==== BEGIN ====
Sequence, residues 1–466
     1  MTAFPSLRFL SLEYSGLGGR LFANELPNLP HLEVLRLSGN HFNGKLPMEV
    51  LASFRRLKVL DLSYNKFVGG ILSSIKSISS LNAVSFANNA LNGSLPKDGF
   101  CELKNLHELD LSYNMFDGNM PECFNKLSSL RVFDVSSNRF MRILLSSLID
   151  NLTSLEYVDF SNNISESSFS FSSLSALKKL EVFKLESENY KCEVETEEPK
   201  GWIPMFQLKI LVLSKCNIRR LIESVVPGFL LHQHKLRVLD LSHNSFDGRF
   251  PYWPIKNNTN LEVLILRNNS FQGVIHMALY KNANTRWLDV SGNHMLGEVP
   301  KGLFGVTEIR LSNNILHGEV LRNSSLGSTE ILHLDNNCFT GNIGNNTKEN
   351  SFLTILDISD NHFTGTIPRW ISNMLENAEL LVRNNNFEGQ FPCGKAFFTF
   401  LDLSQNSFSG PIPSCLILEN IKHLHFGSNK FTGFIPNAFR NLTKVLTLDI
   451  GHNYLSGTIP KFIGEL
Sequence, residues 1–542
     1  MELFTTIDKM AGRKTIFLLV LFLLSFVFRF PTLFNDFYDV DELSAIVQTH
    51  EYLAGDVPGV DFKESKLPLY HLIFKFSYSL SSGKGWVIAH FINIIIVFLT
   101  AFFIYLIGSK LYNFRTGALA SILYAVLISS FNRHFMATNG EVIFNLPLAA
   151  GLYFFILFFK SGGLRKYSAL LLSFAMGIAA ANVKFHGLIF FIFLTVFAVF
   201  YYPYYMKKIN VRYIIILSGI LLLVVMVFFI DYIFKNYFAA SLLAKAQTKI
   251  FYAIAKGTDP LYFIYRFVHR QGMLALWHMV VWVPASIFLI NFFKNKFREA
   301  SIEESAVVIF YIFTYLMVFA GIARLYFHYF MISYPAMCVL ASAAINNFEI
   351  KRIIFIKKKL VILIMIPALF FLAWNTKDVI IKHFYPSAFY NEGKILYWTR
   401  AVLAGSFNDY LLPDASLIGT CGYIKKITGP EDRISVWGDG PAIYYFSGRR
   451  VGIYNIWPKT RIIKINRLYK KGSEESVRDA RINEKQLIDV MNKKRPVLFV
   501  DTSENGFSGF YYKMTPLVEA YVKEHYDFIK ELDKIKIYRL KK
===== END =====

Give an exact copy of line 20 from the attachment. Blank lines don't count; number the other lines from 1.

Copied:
   351  KRIIFIKKKL VILIMIPALF FLAWNTKDVI IKHFYPSAFY NEGKILYWTR